Why’d it Have to Be Snakes?

Several great discoveries have been made since the beginning of archeology, such as the Rosetta Stone, the Tomb of King Tut, and the Dead Sea Scrolls. There is another discovery that belongs on that list, and it’s old like the other three. It’s the long-lost work of Aristotle called Constitution of the Athenians, which is a record of how the world’s first democracy worked. Reading it is like Howard Carter peering into the burial chamber of King Tut, and being overwhelmed by the gold. Throughout Aristotle’s work are dozens of references to election by lot, confirming by their preponderance that democracy really does mean lottery and not voting. The Rosetta Stone, King Tut, and the Dead Sea Scrolls were all important in that they advanced human knowledge. But, none has any meaning in the lives of ordinary Americans. Those discoveries don’t pay their bills, or tend to them when they’re sick, or keep them safe. Constitution of the Athenians is different. It advanced human knowledge and has the power to improve the lives of everyone, if only we will follow its lessons. Surely that makes it one of the most important relics ever found.

Since Constitution of the Athenians was discovered in 19th-century Egypt, the Athenian solution has been hiding in plain sight, ready for us to do something about it. Theirs is the answer that has been waiting, quietly and patiently, through 2300 years of oligarchy since classical Athens. Lottery is not the only gift that the Athenians left for us, as further investigation of their history will show.

Democracy in Athens didn’t arrive all at once. Instead, it evolved in phases over a number of decades. Up until the 6th century B.C., Athens was ruled by an oligarchy. Politicians were elected by voting, and only the wealthy were allowed to run for office in the first place. Some of the wealthy tried to enslave the public with debt during an economic depression, which lead to a revolution early in the 6th century B.C. That crisis brought the leadership of Solon (SO-lun), who tried to diffuse the situation by giving political power to the public. His government featured a mix of voting for candidates and lottery. A tyrant overthrew this government in the middle of the 6th century B.C. Once the tyranny itself was finally overthrown, a man named Cleisthenes (KLEISS-the-neez) came along to pick up the pieces. He brought back the government of Solon, with its extensive use of election by lottery. It was around that time that the Greek word for “democracy” first appeared. This is one of the main patterns of classical Athenian history—a movement away from voting and towards lottery.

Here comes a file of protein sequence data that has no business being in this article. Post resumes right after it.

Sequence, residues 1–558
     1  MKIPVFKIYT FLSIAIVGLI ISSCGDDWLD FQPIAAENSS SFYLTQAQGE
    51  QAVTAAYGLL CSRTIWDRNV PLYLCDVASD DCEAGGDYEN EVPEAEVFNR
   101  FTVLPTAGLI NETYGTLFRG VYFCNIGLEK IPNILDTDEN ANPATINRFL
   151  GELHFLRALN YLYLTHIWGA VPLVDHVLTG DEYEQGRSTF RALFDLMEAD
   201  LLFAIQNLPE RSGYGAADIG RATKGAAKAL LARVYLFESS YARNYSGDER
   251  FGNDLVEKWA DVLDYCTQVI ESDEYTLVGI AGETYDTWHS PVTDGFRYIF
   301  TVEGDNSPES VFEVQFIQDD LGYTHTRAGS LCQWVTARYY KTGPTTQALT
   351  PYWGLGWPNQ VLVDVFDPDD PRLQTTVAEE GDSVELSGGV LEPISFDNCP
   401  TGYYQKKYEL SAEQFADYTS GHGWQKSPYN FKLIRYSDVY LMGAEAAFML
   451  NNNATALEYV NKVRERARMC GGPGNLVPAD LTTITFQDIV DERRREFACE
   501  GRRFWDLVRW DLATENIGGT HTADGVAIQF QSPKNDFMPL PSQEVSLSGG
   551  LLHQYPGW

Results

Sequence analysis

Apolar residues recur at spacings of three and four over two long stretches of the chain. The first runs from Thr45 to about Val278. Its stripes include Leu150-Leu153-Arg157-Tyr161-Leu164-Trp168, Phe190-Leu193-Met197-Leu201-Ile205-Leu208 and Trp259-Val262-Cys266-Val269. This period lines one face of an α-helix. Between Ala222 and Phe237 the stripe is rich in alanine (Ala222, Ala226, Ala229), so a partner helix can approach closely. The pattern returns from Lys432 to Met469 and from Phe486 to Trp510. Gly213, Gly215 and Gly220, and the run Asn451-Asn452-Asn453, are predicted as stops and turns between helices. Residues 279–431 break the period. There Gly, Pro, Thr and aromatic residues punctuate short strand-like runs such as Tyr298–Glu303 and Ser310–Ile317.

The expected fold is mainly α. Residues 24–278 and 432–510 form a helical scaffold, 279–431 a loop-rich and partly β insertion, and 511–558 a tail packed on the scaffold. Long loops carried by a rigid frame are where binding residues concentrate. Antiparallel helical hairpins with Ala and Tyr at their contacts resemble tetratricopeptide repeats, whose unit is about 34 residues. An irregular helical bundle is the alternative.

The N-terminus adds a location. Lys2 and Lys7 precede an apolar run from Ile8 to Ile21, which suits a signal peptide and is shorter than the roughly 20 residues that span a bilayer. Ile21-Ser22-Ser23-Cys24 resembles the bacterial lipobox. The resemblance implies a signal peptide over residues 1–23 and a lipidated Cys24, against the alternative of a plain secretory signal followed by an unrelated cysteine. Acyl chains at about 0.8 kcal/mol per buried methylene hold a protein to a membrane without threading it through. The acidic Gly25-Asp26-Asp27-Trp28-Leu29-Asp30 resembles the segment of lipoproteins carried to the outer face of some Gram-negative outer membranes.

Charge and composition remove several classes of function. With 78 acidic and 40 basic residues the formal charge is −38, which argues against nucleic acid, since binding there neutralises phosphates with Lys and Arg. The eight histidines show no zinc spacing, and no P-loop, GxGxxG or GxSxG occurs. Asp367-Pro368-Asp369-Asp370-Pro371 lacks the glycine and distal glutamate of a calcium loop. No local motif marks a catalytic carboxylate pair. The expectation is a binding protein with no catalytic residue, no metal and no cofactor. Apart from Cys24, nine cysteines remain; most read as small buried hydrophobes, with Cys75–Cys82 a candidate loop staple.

Carrot and Stick

The Athenians were more like us than you know. Once they admitted the public into the government, they ran into a familiar problem: they couldn’t get people to show up! Initially they tried just what our country does now with juries. They threatened people with penalties if they didn’t serve, and then paid them nothing when they did serve.

As in our system, that didn’t work. Ancient Athenians weren’t just standing around like robots, waiting to be switched on to work in the government. They had jobs, kids, and pets that filled their time, just like modern Americans do. Like us, if they didn’t work at their jobs, they had no way to support themselves, much less their kids and pets. Because of this, it became hard over time to get people to show up for public service in Athens, despite the threat of penalties.

Like the move away from voting and towards lottery, here is another fundamental pattern of classical Athenian history. They gradually realized that given a choice between carrot and stick when it came to motivating the public, that the carrot of incentive was usually a much better choice. They moved away from forcing the public into the government, and tried a new tactic that proved highly successful: they paid people for their effort, as if it were any other job.